an interactive structure to teach memory and recall training
In Greek mythology, Mnemosyne, the goddess of Memory…
…was the mother of the Muses, the goddesses of inspiration.
So, how’s Memory and Inspiration doing in schools?
Not only are common practices like lectures, cramming, and re-reading boring,
science has shown they don’t even work well.*
* all sources and links will be at the end of this comic!
But what if I said there’s a way to learn
that’s evidence-based and fun?
What if I said there’s a memory card game you can play, for 20 minutes a day,
to store anything you choose into long-term memory, forever?*
* until you die
And it’s awesome.
I started using Spaced Repetition earlier this year to learn French.
In two months, I learnt more words than I did in two years
of high school French classes.
Since then, I’ve used Spaced Repetition to remember all sorts of things…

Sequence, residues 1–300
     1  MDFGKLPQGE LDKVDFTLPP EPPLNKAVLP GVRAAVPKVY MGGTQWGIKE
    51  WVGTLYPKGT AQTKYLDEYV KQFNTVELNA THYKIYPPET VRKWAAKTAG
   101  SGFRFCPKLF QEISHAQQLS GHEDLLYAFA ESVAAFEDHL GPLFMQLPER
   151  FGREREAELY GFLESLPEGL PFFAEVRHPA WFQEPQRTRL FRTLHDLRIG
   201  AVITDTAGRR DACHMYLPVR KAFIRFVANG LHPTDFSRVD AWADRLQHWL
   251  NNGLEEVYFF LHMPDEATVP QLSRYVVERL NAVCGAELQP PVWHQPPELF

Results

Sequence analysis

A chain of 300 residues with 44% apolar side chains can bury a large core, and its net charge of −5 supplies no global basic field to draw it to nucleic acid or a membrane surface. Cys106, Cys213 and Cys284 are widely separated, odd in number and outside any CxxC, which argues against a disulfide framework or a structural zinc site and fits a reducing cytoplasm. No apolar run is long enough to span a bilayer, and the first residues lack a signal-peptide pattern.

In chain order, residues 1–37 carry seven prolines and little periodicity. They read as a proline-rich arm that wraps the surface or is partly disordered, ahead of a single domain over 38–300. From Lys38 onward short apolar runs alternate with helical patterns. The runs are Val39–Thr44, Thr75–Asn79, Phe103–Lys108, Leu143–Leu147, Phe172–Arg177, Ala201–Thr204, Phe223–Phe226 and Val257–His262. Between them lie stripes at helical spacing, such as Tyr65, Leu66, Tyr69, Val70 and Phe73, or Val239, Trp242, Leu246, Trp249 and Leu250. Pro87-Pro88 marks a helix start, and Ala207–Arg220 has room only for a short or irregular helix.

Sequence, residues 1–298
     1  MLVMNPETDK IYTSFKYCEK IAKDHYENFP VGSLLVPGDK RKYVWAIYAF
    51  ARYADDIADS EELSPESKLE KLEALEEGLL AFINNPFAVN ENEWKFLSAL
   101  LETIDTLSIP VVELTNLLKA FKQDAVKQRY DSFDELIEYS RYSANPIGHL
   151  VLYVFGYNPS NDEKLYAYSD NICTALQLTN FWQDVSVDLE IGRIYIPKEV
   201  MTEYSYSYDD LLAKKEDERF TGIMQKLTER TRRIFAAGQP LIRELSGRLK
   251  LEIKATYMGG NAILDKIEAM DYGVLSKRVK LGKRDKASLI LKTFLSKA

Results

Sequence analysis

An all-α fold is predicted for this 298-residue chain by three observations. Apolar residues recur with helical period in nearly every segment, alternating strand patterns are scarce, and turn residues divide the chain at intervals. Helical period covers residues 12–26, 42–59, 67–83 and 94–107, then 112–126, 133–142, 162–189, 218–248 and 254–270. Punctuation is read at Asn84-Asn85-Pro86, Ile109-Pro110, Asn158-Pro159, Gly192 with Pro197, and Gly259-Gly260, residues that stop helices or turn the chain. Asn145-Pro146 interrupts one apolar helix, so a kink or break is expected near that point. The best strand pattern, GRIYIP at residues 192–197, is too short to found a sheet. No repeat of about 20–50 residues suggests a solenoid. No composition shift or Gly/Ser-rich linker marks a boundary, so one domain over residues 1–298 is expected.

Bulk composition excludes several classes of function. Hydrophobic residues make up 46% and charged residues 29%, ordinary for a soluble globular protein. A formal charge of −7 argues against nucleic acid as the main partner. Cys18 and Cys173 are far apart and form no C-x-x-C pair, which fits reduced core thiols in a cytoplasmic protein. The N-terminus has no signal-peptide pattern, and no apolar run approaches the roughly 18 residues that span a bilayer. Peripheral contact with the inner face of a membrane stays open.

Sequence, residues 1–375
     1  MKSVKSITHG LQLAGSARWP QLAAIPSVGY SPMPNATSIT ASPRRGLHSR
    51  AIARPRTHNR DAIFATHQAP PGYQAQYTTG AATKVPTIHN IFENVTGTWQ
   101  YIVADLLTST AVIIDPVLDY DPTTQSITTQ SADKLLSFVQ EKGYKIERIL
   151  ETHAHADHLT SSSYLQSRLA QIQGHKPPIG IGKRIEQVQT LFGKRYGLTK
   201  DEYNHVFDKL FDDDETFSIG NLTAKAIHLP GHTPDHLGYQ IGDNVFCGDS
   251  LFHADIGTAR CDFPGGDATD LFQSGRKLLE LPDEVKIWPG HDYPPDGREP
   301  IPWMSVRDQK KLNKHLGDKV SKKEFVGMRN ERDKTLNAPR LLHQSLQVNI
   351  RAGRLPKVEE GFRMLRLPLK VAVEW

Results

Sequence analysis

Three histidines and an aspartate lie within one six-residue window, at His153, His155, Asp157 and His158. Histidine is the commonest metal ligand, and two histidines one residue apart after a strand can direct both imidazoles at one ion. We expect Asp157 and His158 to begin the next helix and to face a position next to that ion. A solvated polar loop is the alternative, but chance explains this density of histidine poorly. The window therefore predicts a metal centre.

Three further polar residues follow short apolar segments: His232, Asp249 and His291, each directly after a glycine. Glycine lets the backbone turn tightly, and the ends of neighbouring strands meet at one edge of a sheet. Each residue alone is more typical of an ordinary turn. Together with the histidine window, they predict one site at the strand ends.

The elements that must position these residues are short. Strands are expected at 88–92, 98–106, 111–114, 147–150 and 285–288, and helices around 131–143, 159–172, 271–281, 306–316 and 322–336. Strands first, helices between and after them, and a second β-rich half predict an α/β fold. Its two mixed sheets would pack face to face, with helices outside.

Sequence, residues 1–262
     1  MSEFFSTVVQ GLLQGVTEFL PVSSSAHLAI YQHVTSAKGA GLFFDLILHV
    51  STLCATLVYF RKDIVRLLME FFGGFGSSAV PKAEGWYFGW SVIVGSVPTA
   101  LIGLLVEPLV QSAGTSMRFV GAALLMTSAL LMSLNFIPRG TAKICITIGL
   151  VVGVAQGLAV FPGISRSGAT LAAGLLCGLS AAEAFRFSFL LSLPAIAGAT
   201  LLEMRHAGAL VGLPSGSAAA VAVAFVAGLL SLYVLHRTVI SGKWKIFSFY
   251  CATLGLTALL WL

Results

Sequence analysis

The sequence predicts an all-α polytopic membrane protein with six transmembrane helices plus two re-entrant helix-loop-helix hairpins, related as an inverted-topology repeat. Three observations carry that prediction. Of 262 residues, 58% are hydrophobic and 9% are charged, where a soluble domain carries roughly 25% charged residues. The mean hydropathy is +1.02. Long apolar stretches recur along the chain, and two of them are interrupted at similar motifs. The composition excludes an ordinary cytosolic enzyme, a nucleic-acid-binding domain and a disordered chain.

anything interesting i find in books, talks, articles, etc!
…and this lil’ memory card game became a core part of my life.
In short, Spaced Repetition = testing + time.
You test yourself on a fact repeatedly, spacing out your repetitions over time.
(But won’t this take forever? Ah, as we’ll see later, there’s a trick…)
Spaced Repetition is free, evidence-based, and so simple you can do it with a shoebox.
So, what’s the catch? Why isn’t everyone already doing Spaced Repetition?
Well, the catch is that making any new habit is hard
– especially a weird habit like Spaced Repetition.
That’s why I made this badly-drawn interactive training page.
In this comic on Spaced Repetition,
I’ll show you WHY it works, HOW it works…
…and help you get started with it TODAY.